19 moonwatcher September 12, 2011 at 12:51 pm

ps: Susan, had to add that I just loved that phrase “the salad that got away.” 🙂

I think Marian’s idea about a meet-up of you and your blog followers would be loads of fun. Who knows, maybe someday. . .:)



20 SusanV September 12, 2011 at 6:12 pm

I would love that–a big Fatfree Vegan meet-up! I’ll have to figure out a way to make that happen.


21 ti April 29, 2013 at 12:54 pm

Great idea!


22 Laina September 12, 2011 at 2:15 pm

I was so excited to get this new recipe this morning. Even more excited because I knew I had frozen tofu. So I reached for my crock pot off the top of the refrigerator and dropped it onto my counter, plugged it in………….. forged through my freezer contents and pulled out the tofu………….and, and……….but I only had one. 🙁 Forgot I used the other for a different recipe. So I’ll make your Vindaloo vegetables I was planning on making this week anyway. 🙂

But, I did have another container of tofu in the fridge, so I grabbed it and placed it in the freezer and popped the frozen into the fridge. Tomorrow awaits! Or maybe later tonight. I could plug it in right before I go to bed and it will be awaiting my taste test, first thing in the morning. 🙂 But then again, all the wonderful aromas I anticipate will waft into my bedroom and probably awaken me and keep me up all night. 🙂

Anyway, looks fabulous and I can’t wait to try it, Susan. Will report back tomorrow.

And I agree with everyone, how nice to meet up with Maria aka Moonwatcher. I feel like I know her somewhat from all the posts and I feel that way about others who normally leave a comment. And what a great picture of you both!!!


23 SusanV September 12, 2011 at 6:11 pm

Thanks, Laina! I hope you get a chance to try it soon. I haven’t made Vindaloo vegetables in a while, but now you’ve got me thinking about it!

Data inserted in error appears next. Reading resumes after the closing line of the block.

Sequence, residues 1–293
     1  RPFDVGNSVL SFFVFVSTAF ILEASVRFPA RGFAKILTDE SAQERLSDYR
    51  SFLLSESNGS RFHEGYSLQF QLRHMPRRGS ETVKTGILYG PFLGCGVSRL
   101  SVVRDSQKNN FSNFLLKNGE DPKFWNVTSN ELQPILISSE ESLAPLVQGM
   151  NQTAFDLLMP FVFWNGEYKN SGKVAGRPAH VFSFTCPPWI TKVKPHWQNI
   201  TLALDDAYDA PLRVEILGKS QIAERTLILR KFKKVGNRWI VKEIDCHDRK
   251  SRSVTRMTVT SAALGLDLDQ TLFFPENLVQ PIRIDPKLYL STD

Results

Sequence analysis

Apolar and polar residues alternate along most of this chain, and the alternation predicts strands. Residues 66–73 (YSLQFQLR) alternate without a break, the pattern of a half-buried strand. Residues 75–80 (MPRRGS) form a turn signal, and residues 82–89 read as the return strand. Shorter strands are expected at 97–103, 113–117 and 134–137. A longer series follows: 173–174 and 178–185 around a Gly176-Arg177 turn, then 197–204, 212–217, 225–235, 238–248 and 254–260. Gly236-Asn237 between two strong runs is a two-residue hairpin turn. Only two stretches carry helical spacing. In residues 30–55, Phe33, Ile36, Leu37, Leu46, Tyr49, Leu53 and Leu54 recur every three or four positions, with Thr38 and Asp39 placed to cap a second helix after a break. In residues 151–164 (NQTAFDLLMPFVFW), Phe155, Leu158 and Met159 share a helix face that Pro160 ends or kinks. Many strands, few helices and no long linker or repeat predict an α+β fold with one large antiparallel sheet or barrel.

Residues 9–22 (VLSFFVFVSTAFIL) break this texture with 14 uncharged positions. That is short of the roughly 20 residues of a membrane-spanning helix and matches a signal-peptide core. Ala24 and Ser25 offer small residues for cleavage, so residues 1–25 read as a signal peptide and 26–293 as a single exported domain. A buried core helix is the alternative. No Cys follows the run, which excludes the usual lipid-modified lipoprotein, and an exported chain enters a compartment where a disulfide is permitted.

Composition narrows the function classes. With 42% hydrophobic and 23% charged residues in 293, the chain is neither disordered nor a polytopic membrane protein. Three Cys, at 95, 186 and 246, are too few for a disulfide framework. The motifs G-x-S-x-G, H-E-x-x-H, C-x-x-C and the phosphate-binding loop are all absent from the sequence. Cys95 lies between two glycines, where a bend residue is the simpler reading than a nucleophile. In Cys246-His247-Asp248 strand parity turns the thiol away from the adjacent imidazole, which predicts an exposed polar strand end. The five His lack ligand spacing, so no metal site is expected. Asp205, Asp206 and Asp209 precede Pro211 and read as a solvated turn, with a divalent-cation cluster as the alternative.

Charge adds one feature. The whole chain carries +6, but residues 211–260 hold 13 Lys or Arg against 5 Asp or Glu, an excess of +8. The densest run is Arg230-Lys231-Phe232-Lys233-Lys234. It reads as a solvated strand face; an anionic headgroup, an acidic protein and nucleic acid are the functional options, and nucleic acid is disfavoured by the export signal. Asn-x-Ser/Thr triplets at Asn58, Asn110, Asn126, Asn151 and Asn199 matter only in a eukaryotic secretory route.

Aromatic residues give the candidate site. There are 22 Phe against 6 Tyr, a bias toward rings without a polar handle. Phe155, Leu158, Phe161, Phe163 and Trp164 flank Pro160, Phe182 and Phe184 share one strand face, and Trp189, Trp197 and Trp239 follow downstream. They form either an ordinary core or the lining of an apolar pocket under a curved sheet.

24 Michelle September 12, 2011 at 3:13 pm

I gave my crock pot away since I never used it. Could the tofu be baked? If so, for how long on what temperature?


25 SusanV September 12, 2011 at 6:10 pm

Michelle, look at the last paragraph of the recipe for baking instructions. Hope you enjoy it!


26 Dawn September 12, 2011 at 3:27 pm

All I can say to this one is WOW. It really does sound amazing. And I’m with you on the salad that got away. I would have been remembering that one too.


27 Sarah Bergeron September 12, 2011 at 4:50 pm

Hi Susan,
I would love to make this sauce. I am wondering if you can think of a good substitute for the vinegar. Lemon juice? I just can’t get over how much I dislike vinegar, and though I know it lurks in almost everything, I can’t bring myself to cook with it.


28 SusanV September 12, 2011 at 6:09 pm

Sarah, just use a little extra lime or lemon juice instead of the vinegar. It just adds a little tartness, so anything tart should work.


29 Jill Princehouse September 13, 2011 at 12:04 am

Susan: I love the photo of you and Maria at Blossoming Lotus. I live on the Oregon coast at Oceanside and when we go to Portland, BL is our favorite restaurant. However, it’s so popular, we can’t always get in. When the line is out on the street, we drive by without getting to eat there. :o(


30 Nat Co. September 13, 2011 at 12:38 am

I tried to make a Thai dish the other night and failed! This looks great 🙂 I will try this recipe soon!


31 Gena September 13, 2011 at 5:48 am

Delicious! I didn’t even know one could slow cook tofu–and since it’s an ingredient I struggle with, I’m always looking for ideas. I’ll be testing this for sure 🙂


32 Chana September 13, 2011 at 1:05 pm

Hi Susan